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Bible Dictionaries

Baker's Evangelical Dictionary of Biblical Theology

Servant, Service

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The words "servant, " "service, " and "serve, " in various forms, occur well over 1,100 times in the New International Version. People are servants of other human beings or servants of God.

In the Old Testament, the Hebrew word for servant, ebed [ Genesis 24:35 ; Exodus 21:21 ), and performed a variety of work.

Many persons in the Old Testament are called "servants, " among them Abraham (Genesis 26:24 ), Jacob (Genesis 32:4 ), Joshua (Joshua 24:29 ), Ruth (Ruth 3:9 ), Hannah (1 Samuel 1:11 ), Samuel (1 Samuel 3:9 ), Jesse (1 Samuel 17:58 ), Uriah the Hittite (2 Samuel 11:21 ), Joab (2 Samuel 14:20 ), Isaiah (Isaiah 20:3 ), Daniel (Daniel 9:17 ), Ben-Hadad of Aram (1 Kings 20:32 ), and Nebuchadnezzar of Babylon (Jeremiah 25:9 ). Moses is designated as such about forty times and David more than fifty.

The Book of Isaiah contains the "servant Songs" (42:1-4; 49:1-6; 50:4-9; 52:13-53:12). In them the servant may represent Israel as a whole; Israel after the Spirit; or the mediator of salvation (the Messiah of Israel). Many personal qualities are attributed to the Servant. While often called "Israel, " the Servant appears to represent some great individual. Like David, he will rule and establish justice on earth (42:1,4). But he will also suffer. The suffering, death, and new life of the Servant become exemplified in the New Testament in Christ (Isaiah 52:13— ;Acts 52:13—3:13 ; Isaiah 61:1 Acts 61:14:27 ; Isaiah 53:7-8 Acts 53:7-88:32-33 ; Isaiah 53:4-5,7 , 91 Peter 2:22-24 ).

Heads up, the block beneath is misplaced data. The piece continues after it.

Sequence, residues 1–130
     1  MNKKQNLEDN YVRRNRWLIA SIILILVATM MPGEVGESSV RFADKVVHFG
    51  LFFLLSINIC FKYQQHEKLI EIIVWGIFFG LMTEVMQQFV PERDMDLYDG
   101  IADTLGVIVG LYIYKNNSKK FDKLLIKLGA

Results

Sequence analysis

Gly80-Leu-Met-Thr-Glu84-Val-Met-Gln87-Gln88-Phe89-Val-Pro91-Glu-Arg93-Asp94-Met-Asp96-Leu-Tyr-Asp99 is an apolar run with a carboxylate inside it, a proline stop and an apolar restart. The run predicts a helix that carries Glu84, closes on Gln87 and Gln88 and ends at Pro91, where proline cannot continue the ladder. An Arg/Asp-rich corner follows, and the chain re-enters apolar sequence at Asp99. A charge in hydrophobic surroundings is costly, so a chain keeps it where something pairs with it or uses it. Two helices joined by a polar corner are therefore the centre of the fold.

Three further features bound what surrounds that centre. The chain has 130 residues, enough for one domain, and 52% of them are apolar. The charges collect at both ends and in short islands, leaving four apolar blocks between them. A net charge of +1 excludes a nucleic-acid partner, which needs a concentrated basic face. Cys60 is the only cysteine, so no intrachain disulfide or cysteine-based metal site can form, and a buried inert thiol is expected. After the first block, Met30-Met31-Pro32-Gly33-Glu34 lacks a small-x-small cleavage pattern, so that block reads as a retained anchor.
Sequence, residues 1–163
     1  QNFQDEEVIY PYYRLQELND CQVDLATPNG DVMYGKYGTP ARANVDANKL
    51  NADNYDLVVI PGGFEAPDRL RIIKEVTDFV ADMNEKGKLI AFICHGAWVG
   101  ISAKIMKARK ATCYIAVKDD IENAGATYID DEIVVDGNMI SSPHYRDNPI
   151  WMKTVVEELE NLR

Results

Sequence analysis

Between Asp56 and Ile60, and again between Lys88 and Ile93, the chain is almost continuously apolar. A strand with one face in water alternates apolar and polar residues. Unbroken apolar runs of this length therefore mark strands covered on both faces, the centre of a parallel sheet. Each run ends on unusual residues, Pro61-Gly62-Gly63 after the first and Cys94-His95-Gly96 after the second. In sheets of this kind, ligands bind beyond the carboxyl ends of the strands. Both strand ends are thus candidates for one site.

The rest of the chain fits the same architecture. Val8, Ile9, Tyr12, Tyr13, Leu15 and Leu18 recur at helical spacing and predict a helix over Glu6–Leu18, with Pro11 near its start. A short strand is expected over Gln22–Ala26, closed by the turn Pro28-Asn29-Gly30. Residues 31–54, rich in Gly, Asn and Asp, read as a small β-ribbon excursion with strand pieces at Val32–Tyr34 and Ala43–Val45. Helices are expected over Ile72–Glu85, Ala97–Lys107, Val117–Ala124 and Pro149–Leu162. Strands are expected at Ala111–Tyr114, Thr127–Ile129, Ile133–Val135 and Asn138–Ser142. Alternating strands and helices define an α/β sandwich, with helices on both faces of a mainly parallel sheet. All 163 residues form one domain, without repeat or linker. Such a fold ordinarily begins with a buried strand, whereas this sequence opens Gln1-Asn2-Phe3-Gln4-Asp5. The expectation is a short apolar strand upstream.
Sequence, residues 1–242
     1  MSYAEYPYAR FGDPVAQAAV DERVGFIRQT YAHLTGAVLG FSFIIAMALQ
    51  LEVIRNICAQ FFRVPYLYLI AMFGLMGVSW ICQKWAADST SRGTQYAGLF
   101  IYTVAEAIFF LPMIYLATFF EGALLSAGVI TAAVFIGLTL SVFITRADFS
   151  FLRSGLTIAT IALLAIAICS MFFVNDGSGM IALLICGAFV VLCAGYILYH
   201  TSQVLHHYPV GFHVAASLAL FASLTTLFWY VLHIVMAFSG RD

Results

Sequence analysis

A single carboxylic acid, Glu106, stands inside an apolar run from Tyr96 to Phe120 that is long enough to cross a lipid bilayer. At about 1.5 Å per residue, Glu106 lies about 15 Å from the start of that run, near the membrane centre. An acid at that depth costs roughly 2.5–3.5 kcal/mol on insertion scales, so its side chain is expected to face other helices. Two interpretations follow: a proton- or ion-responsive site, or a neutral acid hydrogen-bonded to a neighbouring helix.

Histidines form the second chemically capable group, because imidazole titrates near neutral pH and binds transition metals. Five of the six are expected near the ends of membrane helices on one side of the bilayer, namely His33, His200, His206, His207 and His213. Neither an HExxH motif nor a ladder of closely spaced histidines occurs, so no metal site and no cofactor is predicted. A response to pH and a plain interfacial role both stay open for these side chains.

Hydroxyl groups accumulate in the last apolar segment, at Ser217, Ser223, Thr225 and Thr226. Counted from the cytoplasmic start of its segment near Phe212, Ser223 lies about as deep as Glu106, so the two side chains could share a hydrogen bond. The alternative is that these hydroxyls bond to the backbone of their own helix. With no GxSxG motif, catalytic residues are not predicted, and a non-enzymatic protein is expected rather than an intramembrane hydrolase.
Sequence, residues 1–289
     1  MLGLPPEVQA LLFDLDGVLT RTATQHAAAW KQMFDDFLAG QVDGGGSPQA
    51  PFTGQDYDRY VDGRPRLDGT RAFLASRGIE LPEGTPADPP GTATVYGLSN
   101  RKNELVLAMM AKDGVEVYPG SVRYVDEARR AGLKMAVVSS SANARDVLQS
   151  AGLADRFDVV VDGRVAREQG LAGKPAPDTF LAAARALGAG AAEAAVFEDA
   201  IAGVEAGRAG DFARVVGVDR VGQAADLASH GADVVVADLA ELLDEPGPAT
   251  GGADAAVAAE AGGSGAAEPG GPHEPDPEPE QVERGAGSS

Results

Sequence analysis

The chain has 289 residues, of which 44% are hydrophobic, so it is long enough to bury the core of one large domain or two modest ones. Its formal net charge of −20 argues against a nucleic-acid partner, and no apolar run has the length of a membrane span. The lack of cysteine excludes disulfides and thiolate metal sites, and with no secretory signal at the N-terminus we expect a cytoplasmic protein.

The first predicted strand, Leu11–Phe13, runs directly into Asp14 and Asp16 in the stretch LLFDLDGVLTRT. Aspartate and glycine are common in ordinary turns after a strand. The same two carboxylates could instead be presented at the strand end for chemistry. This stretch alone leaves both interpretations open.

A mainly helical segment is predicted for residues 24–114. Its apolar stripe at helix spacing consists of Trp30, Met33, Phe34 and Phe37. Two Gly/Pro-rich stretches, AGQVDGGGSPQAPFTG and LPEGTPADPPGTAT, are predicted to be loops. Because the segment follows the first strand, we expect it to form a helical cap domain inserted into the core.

In the New Testament, doulos [ δοῦλοσ  , δοῦλοσ  ] is frequently used to designate a master's slave (one bound to him), but also a follower of Christ (a "bondslave" of Christ). The term points to a relation of absolute dependence, in which the master and the servant stand on opposite sidesthe former having a full claim, the latter having a full commitment. The servant can exercise no will or initiative on his or her own.

Doulos [ Revelation 15:3 ) and the prophets (Revelation 10:7 ). Paul (Titus 1:1 ) and James (1:1) both refer to themselves as servants of God; Paul also calls himself the "servant of Christ" (Romans 1:1 ; Philippians 1:1 ).

Christ took upon himself the "form of a servant" (Philippians 2:7 ). Believers have moved from being slaves to sin to become slaves of righteousness (Romans 6:17-18 ).

Another common New Testament term, diakonos [ Matthew 20:28 ; Mark 10:45 ).

The diakonos [ Matthew 8:15 ), distributes food (Acts 6:1 ), sets a table (John 12:2 ), does the work of a deacon (1 Timothy 3:10 ), or exercises spiritual gifts (1 Peter 4:10-11 ). In the New Testament, the idea of "serving at table" is expanded to encompass "the service of the saints" (1 Corinthians 16:15 ). Paul regarded the collection of money for the church in Jerusalem as a "service" (2 Corinthians 8:4 ; 9:11-13 ), along with preaching and ministering in spiritual things.

One striking modification of usage from the Old Testament to the New is the occurrence of the word groups latreia [ Hebrews 8:10 ). But more often it describes the worship of one's heart (Acts 24:14 b), of serving in the preaching of the gospel (Romans 1:9 ), of those who "worship by the Spirit of God" (Philippians 3:3 ).

Walter M. Dunnett

See also Servant of the Lord ; Worship


Copyright Statement
Baker's Evangelical Dictionary of Biblical Theology. Edited by Walter A. Elwell
Copyright © 1996 by Walter A. Elwell. Published by Baker Books, a division of Baker Book House Company, PO Box 6287, Grand Rapids, Michigan 49516-6287.
All rights reserved. Used by permission.
For usage information, please read the Baker Book House Copyright Statement.

Bibliography Information
Elwell, Walter A. Entry for 'Servant, Service'. Evangelical Dictionary of Biblical Theology. https://www.studylight.org/dictionaries/bed/s/servant-service.html. 1996.

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